Tag Archives: Robots

Should Robots Pay Taxes?

A worker makes technical measurements with robots on the carbon chassis at the serial production BMW i3 electric car in the BMW factory in Leipzig on September 18, 2013. REUTERS/Fabrizio Bensch

The growing attraction of populist ideas and parties, sometimes of the left, but more often of the nativist right is in part fuelled by the alienation of those left behind by globalization. The rise of the robots threatens further disruption. Perhaps we need to rewrite Asimov’s Laws of Robotics for the 21st century.

  1. A robot may not injure a human being or, through inaction, allow a human being to come to harm.
  2. A robot must obey the orders given it by human beings except where such orders would conflict with the First Law.
  3. A robot must protect its own existence as long as such protection does not conflict with the First or Second Laws.

Now Bill Gates has proposed a Fourth Law in an interview with Quartz Magazine.

4. The robot that takes your job should pay taxes.

Gates’ idea is straightforward. There are plenty of jobs that machines cannot do, jobs that require empathic humans, especially in the caring professions. With an aging population we need more of these jobs. But how to pay for them with a declining workforce and the consequent decline in revenues from income tax? Taxing the robots gets round this. They would still offer significant savings to employers. Robots do not need salaries, pensions or healthcare plans. But governments need tax revenues.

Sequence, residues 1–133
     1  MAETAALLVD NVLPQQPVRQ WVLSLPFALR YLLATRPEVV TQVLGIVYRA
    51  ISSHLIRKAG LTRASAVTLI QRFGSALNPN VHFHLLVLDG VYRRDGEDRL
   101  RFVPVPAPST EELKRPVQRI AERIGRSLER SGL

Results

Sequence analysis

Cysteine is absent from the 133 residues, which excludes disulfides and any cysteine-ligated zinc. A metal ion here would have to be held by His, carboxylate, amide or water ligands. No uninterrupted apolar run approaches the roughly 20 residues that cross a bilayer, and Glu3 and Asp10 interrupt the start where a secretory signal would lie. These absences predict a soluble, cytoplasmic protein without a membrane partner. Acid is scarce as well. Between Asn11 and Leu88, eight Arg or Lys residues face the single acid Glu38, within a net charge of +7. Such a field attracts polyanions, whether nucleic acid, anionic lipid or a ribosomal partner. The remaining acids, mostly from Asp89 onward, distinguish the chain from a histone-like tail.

There is also the human cost of disruptive technology. Rapid change might create wealth in one sector. But it frequently destroys wealth and jobs in the disrupted sectors. Gates thinks that a robot tax might disrupt the disruptors by slowing down the take-up of technological change so that society has time to adjust and forestall the mass unemployment and deskilling of whole communities that we can see today in America’s Rust Belt or the old industrial towns of the UK.

Gates is less clear on how such a tax could be implemented but he remains optimistic.

There are many ways to take that extra productivity and generate more taxes. Exactly how you’d do it, measure it, you know, it’s interesting for people to start talking about now. Some of it can come on the profits that are generated by the labor-saving efficiency there. Some of it can come directly in some type of robot tax. I don’t think the robot companies are going to be outraged that there might be a tax. It’s OK.

I think he is being over optimistic there. When has any industry ever welcomed a new tax? In fact the International Federation of  Robotics has welcomed a recent decision by the EU to reject a robot tax while proposing an ethical framework for their introduction.

Gates is, to his credit, a billionaire philanthropist who is prepared to put his money where his mouth is by funding healthcare programmes, especially those promoting vaccines in poor countries with high infant mortality and projects to tackle climate change. According to Wikipedia the Bill and Melissa Gates Foundation had an endowment of $44.3 billion as of 31 December 2014. Gates has donated $28 billion to the foundation. Warren Buffet is another generous donor, effectively match funding the foundation’s charitable donations year on year. As a result the foundation had disbursed an average in excess of $3 billion every year from 2009 to 2014.